It seems that in Berlin they were imbued with the slogan: “Everything for liquefied natural gas (LNG), everything for victory!” and are ready for the sake of LNG, which has now become the most important and vital resource in Germany, to encroach on the most sacred thing in the democratic world. Olaf Scholz’s cabinet wants to get the right to expropriate private property in cases where it will help speed up the launch of LNG projects.
On October 2, according to Bloomberg, the federal government approved a draft law allowing the authorities to expropriate so-called “movable property”, i.e. private property that you can take with you as opposed to real estate. In addition, the new law will, if necessary, give wider access to information on connecting infrastructure, for example, on railway infrastructure.
We are talking here, first of all, about floating LNG terminals (platforms). The authors of the law on the expropriation of property hope that it will facilitate and speed up the introduction of them into operation. In total, four floating LNG terminals are planned to be built in Germany to receive liquefied gas. They will be located near Lubmin, Brunsbüttel, Wilhelmshaven and Rostock. Their meaning is that they can be built much faster and cheaper than stationary LNG terminals, which are… absent in Germany. In total, there are only 48 ships on the planet capable of receiving LNG from gas carriers. Naturally, most of them are chartered under long-term contracts. The cost of renting a few free ones is very high and reaches 200 thousand euros per day. The first such floating LNG terminal, according to the plan, should start operating in December near the town of Lubmin, Mecklenburg-Western Pomerania, the landfall site of the Nord Stream gas pipeline.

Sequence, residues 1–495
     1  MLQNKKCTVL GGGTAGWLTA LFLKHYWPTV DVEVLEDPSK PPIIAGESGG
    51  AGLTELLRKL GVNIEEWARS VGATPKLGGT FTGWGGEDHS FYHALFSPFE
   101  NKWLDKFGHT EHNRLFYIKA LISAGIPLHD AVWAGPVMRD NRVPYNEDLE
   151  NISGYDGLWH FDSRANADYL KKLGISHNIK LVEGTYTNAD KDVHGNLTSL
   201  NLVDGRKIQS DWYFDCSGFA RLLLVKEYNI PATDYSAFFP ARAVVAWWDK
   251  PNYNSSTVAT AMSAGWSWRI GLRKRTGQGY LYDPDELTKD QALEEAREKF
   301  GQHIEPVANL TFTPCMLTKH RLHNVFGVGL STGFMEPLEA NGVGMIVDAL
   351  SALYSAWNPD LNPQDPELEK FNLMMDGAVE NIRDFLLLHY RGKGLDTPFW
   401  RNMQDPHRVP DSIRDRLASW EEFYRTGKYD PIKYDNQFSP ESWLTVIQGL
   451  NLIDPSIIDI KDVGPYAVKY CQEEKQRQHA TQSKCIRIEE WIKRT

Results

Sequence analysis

An official representative of the German Ministry of Economics said that calling the new law an “expropriation law” is a big exaggeration, because it supposedly only involves the modernization of outdated rules in accordance with the requirements of the time.
Germany, like the rest of united Europe, intends to completely abandon Russian pipeline gas and replace it with liquefied gas, mainly (at least for now) from America. This gas is delivered by sea in specially equipped tankers – gas carriers. After February 24, when the final decision was made to refuse gas from Russia, it turned out that in Germany, which had been using cheap Russian gas for several decades, there was no infrastructure for receiving LNG and returning it to gaseous form. The floating LNG terminal will be the first German LNG infrastructure facility. It will be operated by the energy company Deutsche ReGas. By the way, they are pleasantly surprised by the initiative of the Scholz government, which will now need to be approved in the Bundestag.
What is “movable property”, according to the authors of the new law, is not very clear. In the specific case of the LNG terminal in Lubmin, we are obviously talking about the onshore facilities of the Nord Stream gas pipeline, which is now idle because Berlin refused to certify it at the beginning of 2022. These facilities may well be needed for the first German floating LNG terminal.